Monday, August 30, 2010
The Man Behind the Nose: Assassins, Astronauts, Cannibals,
and Other Stupendous Tales... by Larry "Bozo" Harmon
Do you remember that famous clown with the flaming red hair? I came across this interesting book and was caught by what I read. Bozo the Clown was an American icon and thus people might forget that there was a man behind the nose. To Larry Harmon that wasn't a problem, because he loved portraying the happy clown - he WAS Bozo. And this memoir, which you might first expect to be the "other side of the nose", telling us how awful life as the happy clown was, looks to be far from that. Here's how the publisher describes it...
Did you hear the one about when Bozo the Clown ran for President and two assassination attempts were made on his life?
How about the time Bozo flew into the perilous jungles of New Guinea to see if he could not just survive but actually bond with dangerous cannibal tribes?
Well then, you must know about the time his size 83 AAA shoes saved him from being swallowed whole by a giant, murderous python in Thailand, right?
Then I guess you might not know as much as you think about the world's most famous clown. Sure, you know the giant shoes, the red bulbous nose, the big ruby smile, and the twin shocks of red yak-hair bursting from the sides of his head. And obviously you know the many clowns inspired by him, from Ronald McDonald to Krusty the Clown.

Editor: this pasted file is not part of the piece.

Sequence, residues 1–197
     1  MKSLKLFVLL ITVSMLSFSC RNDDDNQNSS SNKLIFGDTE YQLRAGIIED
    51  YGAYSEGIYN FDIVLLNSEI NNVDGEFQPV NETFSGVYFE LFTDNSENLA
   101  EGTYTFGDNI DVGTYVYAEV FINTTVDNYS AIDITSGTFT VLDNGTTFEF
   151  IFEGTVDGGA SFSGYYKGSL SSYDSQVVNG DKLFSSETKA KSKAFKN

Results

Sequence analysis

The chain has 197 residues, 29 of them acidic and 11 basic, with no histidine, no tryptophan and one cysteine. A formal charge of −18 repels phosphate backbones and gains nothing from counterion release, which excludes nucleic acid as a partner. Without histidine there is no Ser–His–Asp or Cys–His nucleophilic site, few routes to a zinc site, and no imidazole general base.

So perhaps it's time you learned about Bozo, and the man behind the nose. Because the wild, inspirational stories in this book are all true. As real as the nose on your face.
One day, Larry Harmon, a World War II private harboring dreams of becoming a doctor, met the most famous entertainer of the time, Al Jolson. After seeing the young man on stage, Jolson told him he shouldconsider a career change.
"Being a doctor of medicine is honorable," Jolson advised. "But you'll touch so many more lives as a doctor of laughter!"
A decade later, Jolson's prophecy came true when Larry Harmon, trying to make it as an actor in Hollywood, auditioned to portray a character named Bozo the Capitol Clown.
The character spoke so much to Larry that he simply became it—overnight. He soon turned Bozo into a cultural icon, creating one of the biggest children's television franchises in the world. But that was only the beginning.
In this unputdownable book, which Harmon completed just before his death at age eighty-three, are far more incredible stories of astronauts, cannibals, celebrities, assassins, and deep-sea divers—all encountered in full Bozo regalia, and with photos to prove it.
Not only is Harmon's life by turns incredible and hilarious, it's also an inspirational testament to the power of one man's positive attitude, dedication, and work ethic—and how he changed the world.
Looks to me like Larry Harmon is still bringing smiles to people's faces with these wonderful tales of an extraordinary life. I remember Bozo the Clown as a little girl, and with a career that spanned 50 years, Bozo and Larry touched many peoples lives. I look forward to reading these larger than life, but true, tales! How about you? Do you remember Bozo the Clown?!